MD: What advice would you have for youth who want to get into STEM, but aren’t sure how they would want to?

YA: Join a network, go to events, and talk to people. Don’t hesitate to reach out in a meaningful way to people you are inspired by. The SGAC is a good resource: we’re the largest group of young space professionals globally, affiliated with the UN, with 160 countries represented through 25,000 members. You will be able to find someone, whether it be a sponsor or a mentor: it’s much easier than it seems. Do a project — hackathon, design competition, building a model rocket, anything.

SN: One thing that’s really daunting is that in STEM, there might not seem to be many role models you relate to. Echoing what Yulia said, it’s very important to reach out, find people who have walked your paths in life and share your perspectives. I got into space through mentorship; I failed two of my courses in my first year and put a lot of unnecessary pressure on myself. Through support, I discovered that school is just a tool to get you where you want to be. Failure is another part of life: use it to get you where you want to be. You don’t have to be at the top of your class to succeed.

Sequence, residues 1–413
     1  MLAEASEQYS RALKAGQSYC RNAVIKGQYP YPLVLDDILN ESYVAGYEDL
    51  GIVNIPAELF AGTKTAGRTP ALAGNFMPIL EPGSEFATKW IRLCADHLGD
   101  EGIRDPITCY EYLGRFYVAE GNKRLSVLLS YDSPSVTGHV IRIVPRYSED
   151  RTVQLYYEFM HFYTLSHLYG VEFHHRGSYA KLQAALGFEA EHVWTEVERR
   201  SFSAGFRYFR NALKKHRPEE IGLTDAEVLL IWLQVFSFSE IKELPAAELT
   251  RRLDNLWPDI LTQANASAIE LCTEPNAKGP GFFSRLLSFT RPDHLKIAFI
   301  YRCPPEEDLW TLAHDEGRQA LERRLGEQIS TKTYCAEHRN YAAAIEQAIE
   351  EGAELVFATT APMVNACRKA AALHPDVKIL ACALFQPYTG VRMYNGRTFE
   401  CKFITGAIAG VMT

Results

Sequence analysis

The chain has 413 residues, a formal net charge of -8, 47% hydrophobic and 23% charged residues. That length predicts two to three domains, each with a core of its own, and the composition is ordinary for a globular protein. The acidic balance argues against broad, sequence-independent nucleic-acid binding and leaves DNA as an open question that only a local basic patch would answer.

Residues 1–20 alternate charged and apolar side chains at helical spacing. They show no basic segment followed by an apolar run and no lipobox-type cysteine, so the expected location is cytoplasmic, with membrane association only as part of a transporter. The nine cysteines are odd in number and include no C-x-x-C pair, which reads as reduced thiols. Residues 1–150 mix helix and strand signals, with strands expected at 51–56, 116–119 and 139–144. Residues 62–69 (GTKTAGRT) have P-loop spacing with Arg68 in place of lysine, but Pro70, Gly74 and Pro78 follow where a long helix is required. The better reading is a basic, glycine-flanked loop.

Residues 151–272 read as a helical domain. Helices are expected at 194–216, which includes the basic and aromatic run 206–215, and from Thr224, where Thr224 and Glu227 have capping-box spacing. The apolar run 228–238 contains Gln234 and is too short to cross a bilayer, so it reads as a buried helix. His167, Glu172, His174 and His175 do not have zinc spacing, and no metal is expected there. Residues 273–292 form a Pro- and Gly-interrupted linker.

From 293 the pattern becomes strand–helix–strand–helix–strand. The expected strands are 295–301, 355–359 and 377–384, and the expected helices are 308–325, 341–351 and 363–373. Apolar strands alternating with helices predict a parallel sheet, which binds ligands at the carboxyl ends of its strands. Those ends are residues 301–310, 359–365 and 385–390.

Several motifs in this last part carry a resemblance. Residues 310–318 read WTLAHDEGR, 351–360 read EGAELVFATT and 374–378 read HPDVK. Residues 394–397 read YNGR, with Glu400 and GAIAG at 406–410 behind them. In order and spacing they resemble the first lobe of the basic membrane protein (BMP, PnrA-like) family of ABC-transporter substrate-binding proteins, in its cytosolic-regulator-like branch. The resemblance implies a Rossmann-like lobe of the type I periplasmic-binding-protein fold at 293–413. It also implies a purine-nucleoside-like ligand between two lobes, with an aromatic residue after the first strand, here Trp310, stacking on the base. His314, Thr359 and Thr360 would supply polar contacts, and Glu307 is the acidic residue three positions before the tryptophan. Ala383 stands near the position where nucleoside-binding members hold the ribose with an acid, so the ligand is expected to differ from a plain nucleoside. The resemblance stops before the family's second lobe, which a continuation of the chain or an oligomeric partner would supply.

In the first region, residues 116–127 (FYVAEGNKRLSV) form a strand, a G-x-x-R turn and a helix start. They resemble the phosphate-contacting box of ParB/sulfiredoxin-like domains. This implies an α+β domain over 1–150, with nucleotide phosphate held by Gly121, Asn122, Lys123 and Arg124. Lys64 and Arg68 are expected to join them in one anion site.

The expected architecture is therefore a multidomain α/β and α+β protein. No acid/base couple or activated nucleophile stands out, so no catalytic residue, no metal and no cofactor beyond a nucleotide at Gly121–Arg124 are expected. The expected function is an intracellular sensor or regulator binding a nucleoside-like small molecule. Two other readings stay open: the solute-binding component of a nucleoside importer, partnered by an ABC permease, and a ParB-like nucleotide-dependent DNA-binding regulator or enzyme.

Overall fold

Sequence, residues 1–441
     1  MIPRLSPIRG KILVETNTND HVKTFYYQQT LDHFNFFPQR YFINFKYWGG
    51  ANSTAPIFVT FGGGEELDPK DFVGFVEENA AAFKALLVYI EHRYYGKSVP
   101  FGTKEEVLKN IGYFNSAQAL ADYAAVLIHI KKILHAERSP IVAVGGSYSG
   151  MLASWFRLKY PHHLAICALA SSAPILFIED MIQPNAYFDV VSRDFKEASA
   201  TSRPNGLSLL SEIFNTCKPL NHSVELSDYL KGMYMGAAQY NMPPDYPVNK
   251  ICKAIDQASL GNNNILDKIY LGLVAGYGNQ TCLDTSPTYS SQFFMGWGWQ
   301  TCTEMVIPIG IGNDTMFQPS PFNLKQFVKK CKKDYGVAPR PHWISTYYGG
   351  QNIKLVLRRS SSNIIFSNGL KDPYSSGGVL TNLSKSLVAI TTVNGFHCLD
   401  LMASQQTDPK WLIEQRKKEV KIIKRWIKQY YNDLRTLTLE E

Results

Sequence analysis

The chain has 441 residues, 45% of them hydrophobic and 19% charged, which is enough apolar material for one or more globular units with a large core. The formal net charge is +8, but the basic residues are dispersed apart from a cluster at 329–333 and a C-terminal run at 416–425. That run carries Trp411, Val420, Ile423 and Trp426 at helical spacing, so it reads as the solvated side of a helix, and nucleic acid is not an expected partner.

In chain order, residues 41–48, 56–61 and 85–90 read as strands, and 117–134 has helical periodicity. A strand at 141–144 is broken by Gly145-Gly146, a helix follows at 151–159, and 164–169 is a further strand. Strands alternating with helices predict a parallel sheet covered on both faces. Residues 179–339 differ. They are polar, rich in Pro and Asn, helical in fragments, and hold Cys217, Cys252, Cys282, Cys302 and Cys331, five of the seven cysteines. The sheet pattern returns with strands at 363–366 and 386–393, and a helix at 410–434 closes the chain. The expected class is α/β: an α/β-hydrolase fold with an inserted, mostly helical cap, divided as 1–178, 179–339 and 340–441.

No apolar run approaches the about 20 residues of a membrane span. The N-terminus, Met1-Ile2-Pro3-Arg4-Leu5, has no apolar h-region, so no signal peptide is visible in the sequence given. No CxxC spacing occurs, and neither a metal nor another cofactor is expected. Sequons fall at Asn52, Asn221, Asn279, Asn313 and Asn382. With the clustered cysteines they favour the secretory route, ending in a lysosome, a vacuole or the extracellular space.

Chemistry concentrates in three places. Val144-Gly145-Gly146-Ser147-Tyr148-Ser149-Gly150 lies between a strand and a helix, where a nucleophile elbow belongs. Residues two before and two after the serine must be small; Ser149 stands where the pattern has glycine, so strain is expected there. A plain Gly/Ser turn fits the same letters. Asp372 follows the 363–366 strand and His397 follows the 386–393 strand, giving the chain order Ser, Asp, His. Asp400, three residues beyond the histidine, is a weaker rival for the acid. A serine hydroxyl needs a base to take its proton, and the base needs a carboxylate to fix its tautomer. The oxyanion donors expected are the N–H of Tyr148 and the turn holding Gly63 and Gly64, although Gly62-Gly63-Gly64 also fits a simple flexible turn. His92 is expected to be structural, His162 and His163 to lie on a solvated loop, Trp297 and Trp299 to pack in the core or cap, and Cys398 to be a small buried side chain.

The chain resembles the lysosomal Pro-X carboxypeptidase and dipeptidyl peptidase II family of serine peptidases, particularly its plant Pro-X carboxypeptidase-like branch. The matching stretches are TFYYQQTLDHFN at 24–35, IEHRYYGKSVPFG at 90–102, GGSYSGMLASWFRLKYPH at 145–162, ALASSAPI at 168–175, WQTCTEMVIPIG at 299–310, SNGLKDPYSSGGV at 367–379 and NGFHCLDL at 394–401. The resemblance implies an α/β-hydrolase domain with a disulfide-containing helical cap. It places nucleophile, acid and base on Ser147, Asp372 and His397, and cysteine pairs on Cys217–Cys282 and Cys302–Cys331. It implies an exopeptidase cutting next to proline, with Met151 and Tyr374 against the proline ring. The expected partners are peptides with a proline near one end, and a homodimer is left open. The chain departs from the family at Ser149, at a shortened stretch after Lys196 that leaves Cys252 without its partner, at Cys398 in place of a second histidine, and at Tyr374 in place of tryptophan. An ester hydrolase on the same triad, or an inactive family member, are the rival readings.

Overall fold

NS: First, find people who you can connect with in terms of interests and identity. Reach out! Don’t be afraid to cold call, cold email, cold connect through Linkedin and so on. It’s really easy nowadays with technology. Be genuine with your passion, show that you care, and ask for advice. Often, you’ll have a long-term partnership develop. Courses aren’t everything — getting straight As isn’t enough. You’ll get more mileage by joining projects, doing research, and getting hands-on experience in the fields you want to work in. Get exposure and experience, because in the end, that’s the most important part.